Americans are starting companies, especially home-based businesses, in record numbers. The idea of creating something that generates income while also providing the personal freedom of working from home is tempting. It's no wonder that almost 18 million households in the United States operate some sort of home-based business. Although 90 percent don't have any employees, it's a revealing look at the entrepreneurial ambitions of many in this country.
Plenty of successful businesses got their start at home. Sure, there comes a time when you need to move into larger quarters, but until then, why not keep the overhead to a minimum by operating out of the spare bedroom? If you're unsure of your ideas and their long-term viability, a home-based business is a great place to experiment with your concept. Instead of using start-up funds for fixed costs like rent, they're more appropriately spent on marketing, sales, and product development-the vital aspects of any business.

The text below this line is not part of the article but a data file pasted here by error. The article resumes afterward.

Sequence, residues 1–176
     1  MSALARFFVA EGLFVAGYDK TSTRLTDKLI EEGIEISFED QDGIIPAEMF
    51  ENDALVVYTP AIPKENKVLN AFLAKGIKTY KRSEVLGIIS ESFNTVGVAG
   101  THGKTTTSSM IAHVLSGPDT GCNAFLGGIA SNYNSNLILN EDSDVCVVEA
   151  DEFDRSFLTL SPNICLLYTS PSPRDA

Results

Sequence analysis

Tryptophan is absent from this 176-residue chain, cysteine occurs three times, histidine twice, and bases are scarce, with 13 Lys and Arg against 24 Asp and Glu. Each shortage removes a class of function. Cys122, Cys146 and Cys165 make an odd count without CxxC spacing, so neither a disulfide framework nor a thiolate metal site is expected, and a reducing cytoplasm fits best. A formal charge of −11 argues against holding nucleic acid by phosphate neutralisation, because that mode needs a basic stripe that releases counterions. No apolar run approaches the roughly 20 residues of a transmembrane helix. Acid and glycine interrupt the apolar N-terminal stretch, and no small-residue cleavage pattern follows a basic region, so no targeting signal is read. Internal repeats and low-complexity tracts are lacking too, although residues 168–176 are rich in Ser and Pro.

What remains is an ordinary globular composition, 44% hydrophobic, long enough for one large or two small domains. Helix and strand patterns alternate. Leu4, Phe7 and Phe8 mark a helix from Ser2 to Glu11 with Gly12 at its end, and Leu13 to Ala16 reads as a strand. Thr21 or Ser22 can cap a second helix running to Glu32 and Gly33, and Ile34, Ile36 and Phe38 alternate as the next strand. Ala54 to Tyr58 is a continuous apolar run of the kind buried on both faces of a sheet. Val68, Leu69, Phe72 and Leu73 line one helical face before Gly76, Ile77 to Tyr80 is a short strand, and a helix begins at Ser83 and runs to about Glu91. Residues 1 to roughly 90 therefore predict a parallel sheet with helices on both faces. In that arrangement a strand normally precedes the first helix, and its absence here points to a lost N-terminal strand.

An added bonus of starting your own business at home is that you can start small. If you have 10 products in mind, you can develop one to begin with so that you can do it part time while continuing to work at your regular job. Often, people start businesses with unrealistic expectations and poor preparation. By limiting growth early on, you can focus on doing a great job with what you've got, and in the end, you'll experience far more success. Starting a business is difficult enough without spreading your resources too thin. The key to growth is producing positive cash flow as early as possible. Businesses can't be successful without it.
Although keeping costs low in the early days of your home-based start-up is important, it's equally critical to secure the talent you need to be successful. Don't hesitate to hire or partner with someone you feel is the key to your business. Further, while frugality is helpful in the beginning, adequate start-up capital will allow you to overcome financial setbacks that occur. Shortfalls are one of the most common reasons for small-business failures in the United States. Don't put yourself behind the eight ball before you've even begun; have enough in the bank.
The most important piece of advice when starting your own home-based business: don't do it for the money at first. If you're not 100 percent passionate about the products or services you sell, you'll have a hard time hanging in when times are tough. As Marsha Sinetar once said, "Do what you love; the money will follow."